“According to experts, feeding birds is probably the most common way in which people interact with wild animals today [this statement alone should get your attention!]. More than 50 million Americans engage in the practice, collectively undertaking an unwitting experiment on a vast scale. Is what we’re doing good or bad for birds? Recently, researchers at the Cornell Lab of Ornithology sought to answer this question, analyzing nearly three decades’ worth of data from a winter-long survey called Project FeederWatch. Preliminary results suggest the species visiting our feeders the most are faring exceptionally well in an age when one-third of the continent’s birds need urgent conservation. Still, what are the consequences of skewing the odds in favor of the small subset of species inclined to eat at feeders…”

Roaring jackets

 In 1923, the Hungarian columnist and cultural critic Béla Balázs wrote: “Those who rightfully possess a library know that books have not only readable content, but their own palpable atmosphere as well, their own mood, their own visible aura; their typography, binding, and cover are their physiognomy, and form a face that warms the heart.”

Balázs’ words ring through the pages of TASCHEN’s recent publication The Book Cover in the Weimar Republic, a vast collection of dust jackets and book covers produced in Berlin between 1919 and 1933. Berlin then was as much of a creative hub as it is again today. As the epicenter of the Golden Twenties heyday, it attracted artists, scholars, singers, and dancers. English writers such as W. H. Auden, Stephen Spender and Christopher Isherwood came to spend time in the city. Movie makers tackled controversial themes. And in the world of the printed page, bold publishers put out some of the most outstanding and forward-thinking book designs in history.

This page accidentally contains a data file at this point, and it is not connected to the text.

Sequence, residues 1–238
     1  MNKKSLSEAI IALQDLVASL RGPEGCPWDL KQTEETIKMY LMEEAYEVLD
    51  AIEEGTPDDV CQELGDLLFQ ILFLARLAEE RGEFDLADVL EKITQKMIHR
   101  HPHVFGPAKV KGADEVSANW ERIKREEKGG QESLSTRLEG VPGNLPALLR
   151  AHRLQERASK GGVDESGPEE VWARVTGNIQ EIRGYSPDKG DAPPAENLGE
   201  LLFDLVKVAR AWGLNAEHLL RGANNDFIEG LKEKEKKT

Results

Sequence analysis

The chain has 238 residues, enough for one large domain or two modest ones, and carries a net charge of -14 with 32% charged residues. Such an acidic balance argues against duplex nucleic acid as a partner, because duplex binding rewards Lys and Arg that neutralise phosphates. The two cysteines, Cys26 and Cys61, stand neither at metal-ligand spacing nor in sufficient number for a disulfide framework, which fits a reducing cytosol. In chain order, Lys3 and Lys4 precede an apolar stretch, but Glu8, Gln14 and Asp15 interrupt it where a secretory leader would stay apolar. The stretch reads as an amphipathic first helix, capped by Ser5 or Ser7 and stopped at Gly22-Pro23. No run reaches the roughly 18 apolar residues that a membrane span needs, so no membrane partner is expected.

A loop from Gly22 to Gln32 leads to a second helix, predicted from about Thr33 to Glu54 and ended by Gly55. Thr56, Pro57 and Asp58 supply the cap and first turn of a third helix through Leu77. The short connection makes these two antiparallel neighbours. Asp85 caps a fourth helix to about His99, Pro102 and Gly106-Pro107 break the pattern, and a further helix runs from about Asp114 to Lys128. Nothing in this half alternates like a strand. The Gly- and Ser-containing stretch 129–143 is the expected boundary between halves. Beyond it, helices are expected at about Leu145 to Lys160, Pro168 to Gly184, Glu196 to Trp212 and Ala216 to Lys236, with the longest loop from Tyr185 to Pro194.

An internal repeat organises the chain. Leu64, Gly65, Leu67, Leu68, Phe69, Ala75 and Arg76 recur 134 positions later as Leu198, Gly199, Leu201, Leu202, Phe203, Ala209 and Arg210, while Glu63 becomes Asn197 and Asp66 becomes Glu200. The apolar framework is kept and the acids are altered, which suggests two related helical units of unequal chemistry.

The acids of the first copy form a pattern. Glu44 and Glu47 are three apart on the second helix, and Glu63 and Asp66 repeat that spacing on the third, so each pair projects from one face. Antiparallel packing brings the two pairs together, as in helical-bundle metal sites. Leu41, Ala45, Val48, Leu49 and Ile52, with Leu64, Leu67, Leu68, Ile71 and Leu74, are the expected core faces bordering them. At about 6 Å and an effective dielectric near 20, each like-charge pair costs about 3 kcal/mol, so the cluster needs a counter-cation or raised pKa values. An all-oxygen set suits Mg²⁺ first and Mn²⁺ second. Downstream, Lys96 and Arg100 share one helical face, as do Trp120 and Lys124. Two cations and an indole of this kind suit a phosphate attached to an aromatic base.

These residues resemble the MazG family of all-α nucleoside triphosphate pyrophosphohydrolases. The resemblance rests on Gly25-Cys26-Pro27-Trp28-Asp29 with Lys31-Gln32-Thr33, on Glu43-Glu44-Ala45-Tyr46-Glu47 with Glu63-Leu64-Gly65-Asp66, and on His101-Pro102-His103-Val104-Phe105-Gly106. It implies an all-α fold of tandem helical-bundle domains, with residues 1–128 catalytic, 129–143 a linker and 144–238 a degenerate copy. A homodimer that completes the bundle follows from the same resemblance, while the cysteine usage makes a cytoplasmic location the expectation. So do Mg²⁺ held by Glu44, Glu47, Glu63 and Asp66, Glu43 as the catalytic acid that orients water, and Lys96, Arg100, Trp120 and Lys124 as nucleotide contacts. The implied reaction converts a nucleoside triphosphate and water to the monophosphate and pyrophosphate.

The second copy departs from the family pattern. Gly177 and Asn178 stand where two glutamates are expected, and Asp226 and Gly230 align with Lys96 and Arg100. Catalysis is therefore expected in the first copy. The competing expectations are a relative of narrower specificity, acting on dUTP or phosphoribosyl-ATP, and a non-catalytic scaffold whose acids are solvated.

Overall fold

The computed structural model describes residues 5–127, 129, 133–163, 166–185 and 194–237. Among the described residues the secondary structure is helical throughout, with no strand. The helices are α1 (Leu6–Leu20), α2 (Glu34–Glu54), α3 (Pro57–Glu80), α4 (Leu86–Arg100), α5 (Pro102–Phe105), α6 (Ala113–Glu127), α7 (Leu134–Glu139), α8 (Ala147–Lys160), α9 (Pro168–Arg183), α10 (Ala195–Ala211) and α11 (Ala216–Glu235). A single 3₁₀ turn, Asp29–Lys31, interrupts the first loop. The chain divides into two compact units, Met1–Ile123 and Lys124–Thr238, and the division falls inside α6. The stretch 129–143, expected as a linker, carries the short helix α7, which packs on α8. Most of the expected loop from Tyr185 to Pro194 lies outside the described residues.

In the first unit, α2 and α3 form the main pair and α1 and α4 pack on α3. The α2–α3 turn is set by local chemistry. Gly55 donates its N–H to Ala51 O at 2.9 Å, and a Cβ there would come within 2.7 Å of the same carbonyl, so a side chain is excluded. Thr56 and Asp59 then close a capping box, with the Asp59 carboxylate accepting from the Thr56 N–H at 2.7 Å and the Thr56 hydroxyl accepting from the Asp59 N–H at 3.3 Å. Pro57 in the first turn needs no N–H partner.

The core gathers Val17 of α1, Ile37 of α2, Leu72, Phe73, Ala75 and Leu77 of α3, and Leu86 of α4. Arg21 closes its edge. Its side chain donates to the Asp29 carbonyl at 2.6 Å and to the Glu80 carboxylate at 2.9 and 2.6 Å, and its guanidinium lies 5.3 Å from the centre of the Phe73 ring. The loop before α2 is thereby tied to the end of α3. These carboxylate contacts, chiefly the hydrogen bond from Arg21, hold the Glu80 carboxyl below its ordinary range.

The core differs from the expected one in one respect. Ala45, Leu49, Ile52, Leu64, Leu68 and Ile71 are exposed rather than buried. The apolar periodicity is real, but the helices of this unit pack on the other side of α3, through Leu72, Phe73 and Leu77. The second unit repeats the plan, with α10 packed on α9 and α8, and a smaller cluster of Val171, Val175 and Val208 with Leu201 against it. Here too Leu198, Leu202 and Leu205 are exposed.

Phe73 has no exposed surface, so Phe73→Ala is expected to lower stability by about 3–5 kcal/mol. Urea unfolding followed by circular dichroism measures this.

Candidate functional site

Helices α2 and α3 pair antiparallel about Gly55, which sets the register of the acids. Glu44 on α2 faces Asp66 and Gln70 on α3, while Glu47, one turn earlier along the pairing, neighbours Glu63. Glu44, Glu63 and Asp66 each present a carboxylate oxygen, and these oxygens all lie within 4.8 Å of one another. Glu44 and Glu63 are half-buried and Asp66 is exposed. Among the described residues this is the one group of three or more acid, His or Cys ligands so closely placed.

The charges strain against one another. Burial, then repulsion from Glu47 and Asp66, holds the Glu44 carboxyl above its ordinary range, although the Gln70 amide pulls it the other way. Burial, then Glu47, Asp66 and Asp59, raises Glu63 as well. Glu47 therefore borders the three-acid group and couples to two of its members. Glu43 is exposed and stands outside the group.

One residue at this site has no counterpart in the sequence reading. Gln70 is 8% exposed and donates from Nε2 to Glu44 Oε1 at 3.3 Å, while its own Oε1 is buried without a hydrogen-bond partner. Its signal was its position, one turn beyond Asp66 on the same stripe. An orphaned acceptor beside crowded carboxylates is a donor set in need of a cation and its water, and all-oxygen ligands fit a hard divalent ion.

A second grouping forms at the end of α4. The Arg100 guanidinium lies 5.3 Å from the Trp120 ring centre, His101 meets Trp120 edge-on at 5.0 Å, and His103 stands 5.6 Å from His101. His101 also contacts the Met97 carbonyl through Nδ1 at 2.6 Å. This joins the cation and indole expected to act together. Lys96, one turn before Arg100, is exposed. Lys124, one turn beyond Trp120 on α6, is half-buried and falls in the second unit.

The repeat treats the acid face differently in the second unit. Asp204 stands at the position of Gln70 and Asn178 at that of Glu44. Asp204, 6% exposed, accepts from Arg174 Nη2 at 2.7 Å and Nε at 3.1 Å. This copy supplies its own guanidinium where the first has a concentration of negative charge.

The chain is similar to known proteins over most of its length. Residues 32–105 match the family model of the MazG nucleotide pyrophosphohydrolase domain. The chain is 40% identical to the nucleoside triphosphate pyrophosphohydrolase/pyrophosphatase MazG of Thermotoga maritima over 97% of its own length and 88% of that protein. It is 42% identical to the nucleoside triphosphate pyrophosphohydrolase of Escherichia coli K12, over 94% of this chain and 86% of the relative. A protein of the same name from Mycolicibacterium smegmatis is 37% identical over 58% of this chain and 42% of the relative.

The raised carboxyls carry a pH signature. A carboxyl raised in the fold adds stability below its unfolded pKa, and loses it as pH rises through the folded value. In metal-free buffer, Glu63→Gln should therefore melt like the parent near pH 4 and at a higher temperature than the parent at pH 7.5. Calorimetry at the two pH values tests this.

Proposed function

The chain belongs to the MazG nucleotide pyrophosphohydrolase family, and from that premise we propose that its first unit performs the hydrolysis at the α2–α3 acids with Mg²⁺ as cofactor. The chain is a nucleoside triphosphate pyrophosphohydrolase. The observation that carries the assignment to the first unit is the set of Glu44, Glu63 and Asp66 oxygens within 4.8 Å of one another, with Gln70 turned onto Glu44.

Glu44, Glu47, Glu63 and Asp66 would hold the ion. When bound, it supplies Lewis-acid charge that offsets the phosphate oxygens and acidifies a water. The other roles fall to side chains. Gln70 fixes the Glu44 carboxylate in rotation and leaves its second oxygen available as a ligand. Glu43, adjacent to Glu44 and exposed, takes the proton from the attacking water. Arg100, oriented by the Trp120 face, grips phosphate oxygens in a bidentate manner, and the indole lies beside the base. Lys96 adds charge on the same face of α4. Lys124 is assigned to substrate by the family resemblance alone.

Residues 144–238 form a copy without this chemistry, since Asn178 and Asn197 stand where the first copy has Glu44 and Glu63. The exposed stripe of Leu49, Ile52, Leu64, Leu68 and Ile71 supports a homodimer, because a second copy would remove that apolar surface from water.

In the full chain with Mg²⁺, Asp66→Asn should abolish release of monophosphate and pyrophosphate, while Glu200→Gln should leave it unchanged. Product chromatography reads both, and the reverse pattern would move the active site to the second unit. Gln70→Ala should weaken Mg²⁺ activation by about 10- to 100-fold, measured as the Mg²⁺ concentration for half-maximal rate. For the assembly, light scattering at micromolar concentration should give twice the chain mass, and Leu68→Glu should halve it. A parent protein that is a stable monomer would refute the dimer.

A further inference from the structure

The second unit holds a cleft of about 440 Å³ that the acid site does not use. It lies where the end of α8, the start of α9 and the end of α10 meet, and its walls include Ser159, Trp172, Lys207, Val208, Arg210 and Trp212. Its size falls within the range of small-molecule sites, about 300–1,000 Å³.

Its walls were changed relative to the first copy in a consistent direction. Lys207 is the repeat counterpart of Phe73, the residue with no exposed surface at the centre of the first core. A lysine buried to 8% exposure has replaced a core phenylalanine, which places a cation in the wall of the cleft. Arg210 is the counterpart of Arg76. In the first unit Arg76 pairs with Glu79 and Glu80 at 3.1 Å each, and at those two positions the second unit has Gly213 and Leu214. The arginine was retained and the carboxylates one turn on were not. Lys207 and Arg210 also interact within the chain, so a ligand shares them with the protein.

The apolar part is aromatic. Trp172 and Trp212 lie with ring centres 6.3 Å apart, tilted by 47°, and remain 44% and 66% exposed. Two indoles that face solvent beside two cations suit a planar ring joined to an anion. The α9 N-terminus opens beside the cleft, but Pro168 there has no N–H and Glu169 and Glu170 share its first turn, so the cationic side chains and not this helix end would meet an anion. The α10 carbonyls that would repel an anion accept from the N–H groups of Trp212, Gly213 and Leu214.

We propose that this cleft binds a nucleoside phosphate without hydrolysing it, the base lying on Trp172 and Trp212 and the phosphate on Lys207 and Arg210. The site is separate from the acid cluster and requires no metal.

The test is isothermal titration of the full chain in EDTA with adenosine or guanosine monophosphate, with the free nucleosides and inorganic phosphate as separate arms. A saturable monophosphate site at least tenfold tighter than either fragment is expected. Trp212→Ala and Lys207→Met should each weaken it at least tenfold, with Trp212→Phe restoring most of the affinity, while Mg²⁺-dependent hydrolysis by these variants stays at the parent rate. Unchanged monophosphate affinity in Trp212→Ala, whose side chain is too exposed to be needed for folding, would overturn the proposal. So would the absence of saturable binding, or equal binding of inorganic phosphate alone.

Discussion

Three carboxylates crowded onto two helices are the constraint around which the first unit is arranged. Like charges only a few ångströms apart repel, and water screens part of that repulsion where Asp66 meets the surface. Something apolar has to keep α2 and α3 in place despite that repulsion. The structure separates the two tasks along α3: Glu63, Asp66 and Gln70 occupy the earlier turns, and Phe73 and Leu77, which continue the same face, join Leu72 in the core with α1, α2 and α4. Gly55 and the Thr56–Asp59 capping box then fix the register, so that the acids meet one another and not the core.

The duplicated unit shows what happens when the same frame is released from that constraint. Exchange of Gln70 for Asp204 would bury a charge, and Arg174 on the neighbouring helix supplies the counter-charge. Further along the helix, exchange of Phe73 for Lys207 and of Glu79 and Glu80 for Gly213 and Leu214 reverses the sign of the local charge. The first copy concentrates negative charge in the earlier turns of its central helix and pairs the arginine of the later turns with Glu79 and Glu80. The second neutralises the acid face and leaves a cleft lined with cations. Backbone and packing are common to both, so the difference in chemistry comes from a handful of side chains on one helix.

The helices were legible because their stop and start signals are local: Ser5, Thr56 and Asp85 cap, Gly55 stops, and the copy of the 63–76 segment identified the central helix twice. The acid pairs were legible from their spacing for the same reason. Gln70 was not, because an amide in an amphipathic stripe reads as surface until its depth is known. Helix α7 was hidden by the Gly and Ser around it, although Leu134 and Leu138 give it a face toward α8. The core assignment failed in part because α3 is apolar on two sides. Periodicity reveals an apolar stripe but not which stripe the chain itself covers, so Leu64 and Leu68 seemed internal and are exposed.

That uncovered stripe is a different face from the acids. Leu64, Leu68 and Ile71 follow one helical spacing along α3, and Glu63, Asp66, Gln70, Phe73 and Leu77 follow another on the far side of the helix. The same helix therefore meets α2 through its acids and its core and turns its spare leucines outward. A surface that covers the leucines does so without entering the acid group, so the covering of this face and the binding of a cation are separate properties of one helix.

Long before computers existed to help out designers, the work for these covers was all done by sheer manual craft. Letters were drawn by hand before they were cast in lead, collages were assembled with scissors and glue, lithograph illustrations were laboriously inserted amid the already lengthy printing process, and embossing plates were carefully filed down. What these designers created, with what we now consider fairly primitive techniques, is simply breathtaking. Their work fuses references to the important stylistic movements of the time such as Expressionism, Realism, New Objectivity, Constructivism with a book art that is quite unique and individualistic.

Of course, the jackets cannot be separated from their texts—the stories around which they’re wrapped, and to which they draw our attention. So the covers of this collection also testify to the breadth and variety of intellect that Weimar culture fostered, brimming with original perspectives and an openness to any and all issues, from the debates surrounding socialism to women’s liberation and youth issues, from politically engaged travel journalism to the “Jewish question,” from architecture to urban planning to film.

We need only glance at the biographies of the authors, publishers, and book designers of Weimar to understand the irretrievable spirit of this age. After January 30, 1933, vast swathes of this culture was trampled and burned. Its creators were persecuted, driven out of the country, or sent to their death. The Book Cover in the Weimar Republic is a monument to their work and a monument to the sense of what was possible in the better Germany that existed between 1918 and 1933